GB34926. Bronze AE 17, SNGvA 8085; BMC Caria p. 104, 20 ff. var. (various controls, magistrates); SNG Cop 354 ff. var. (same), VF, weight 7.590 g, maximum diameter 17.0 mm, die axis 45o, Halikarnassos (Bodrum, Turkey) mint, 3rd - 2nd century B.C.; obverse head of Poseidon right; reverse AΛIKA, ornamented trident head, stylized dolphins between prongs, crescent lower left; SOLD


Halikarnassos, Caria, c. 150 - 50 B.C.

Click for a larger photo
Halicarnassus on a picturesque, advantageous site on the Ceramic Gulf, was famous for the tomb of Mausolus, the origin of the word mausoleum, and one of the seven wonders of the ancient world. During Alexander the Great's siege of Halicarnassus in 334 B.C., the retreating Persians burned the city. Alexander failed to immediately take the citadel, but left it blockaded when he departed. Halicarnassus never fully recovered from the destruction of the siege. In the first century B.C., Cicero described it as almost deserted. The site is now occupied in part by the town of Bodrum; but the ancient walls can still be traced round nearly all their circuit, and the position of several of the temples, the theater, and other public buildings can be fixed with certainty.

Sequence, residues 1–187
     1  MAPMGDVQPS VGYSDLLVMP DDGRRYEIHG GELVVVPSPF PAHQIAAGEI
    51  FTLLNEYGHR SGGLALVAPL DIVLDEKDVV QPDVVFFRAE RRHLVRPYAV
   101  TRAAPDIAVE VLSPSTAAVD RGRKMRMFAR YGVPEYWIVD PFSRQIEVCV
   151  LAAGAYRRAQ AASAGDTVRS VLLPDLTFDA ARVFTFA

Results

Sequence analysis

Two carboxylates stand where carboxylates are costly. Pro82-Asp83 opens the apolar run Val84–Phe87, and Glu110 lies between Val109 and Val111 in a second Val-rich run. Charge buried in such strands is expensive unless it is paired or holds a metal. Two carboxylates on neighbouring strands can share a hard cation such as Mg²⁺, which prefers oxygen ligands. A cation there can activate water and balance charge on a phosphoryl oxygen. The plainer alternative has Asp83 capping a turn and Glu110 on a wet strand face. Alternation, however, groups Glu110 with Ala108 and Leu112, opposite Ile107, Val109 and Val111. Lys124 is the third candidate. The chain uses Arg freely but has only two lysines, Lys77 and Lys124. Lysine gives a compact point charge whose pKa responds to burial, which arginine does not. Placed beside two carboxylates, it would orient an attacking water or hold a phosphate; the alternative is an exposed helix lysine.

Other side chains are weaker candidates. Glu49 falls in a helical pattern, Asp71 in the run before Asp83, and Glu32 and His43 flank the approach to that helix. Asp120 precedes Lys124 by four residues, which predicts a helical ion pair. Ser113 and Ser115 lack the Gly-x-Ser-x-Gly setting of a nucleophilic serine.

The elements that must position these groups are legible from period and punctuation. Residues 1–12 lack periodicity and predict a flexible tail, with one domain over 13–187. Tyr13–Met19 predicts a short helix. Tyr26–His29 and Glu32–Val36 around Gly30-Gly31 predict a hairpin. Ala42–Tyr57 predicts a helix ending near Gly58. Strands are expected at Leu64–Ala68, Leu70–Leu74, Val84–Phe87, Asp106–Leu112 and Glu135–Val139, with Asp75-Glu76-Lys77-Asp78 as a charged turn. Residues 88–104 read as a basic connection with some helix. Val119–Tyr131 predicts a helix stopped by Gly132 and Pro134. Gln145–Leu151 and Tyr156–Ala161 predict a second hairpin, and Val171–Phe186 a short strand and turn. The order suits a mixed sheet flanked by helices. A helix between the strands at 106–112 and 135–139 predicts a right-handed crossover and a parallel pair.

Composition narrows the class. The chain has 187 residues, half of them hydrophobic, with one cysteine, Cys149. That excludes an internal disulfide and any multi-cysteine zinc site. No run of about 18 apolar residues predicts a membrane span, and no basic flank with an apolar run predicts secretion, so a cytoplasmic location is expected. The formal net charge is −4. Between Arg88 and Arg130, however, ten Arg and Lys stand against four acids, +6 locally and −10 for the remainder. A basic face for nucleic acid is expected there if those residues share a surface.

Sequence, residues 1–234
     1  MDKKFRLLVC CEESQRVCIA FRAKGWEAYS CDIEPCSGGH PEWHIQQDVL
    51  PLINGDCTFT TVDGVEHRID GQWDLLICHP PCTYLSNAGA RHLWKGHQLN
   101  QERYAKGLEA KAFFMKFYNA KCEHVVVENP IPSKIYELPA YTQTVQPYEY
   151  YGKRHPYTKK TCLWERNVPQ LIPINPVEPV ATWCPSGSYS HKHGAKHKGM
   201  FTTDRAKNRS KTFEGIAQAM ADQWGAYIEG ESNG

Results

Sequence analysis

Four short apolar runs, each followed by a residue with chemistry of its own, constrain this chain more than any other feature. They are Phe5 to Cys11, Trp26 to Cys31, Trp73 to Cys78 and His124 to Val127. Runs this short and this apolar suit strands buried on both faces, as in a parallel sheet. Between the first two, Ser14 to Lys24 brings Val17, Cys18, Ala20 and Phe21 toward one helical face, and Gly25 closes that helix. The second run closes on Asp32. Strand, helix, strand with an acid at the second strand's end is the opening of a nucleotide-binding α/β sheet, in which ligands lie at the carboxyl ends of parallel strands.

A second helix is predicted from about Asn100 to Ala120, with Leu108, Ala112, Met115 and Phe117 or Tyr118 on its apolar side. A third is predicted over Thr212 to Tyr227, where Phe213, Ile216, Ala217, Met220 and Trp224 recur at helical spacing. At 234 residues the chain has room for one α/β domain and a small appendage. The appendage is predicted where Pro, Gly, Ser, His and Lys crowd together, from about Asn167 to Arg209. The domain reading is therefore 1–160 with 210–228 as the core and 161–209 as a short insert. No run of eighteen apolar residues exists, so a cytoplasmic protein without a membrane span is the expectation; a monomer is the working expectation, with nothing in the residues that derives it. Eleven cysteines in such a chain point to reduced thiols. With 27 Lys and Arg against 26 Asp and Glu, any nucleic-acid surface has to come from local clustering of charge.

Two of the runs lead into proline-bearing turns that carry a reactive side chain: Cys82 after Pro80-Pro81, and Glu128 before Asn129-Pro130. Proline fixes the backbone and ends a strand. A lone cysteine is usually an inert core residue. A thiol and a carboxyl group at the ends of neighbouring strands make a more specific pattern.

GB38093. Bronze AE 17, BMC Caria p. 104, 20; SGCV II 4881 var. (volute on each side of handle), VF, weight 5.150 g, maximum diameter 17.3 mm, die axis 0o, Halikarnassos (Bodrum, Turkey) mint, c. 150 - 50 B.C.; obverse bearded head of Poseidon right; reverse AΛIKAP AΠOΛ?, ornamented trident-head, dolphins between prongs, volute on right side of handle, caduceus left; SOLD




  




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REFERENCES|

Burnett, A., M. Amandry, et al. Roman Provincial Coinage. (1992 - ).
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HNO - |Historia| |Numorum| |Online| |Database| - http://hno.huma-num.fr/
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Halicarnassus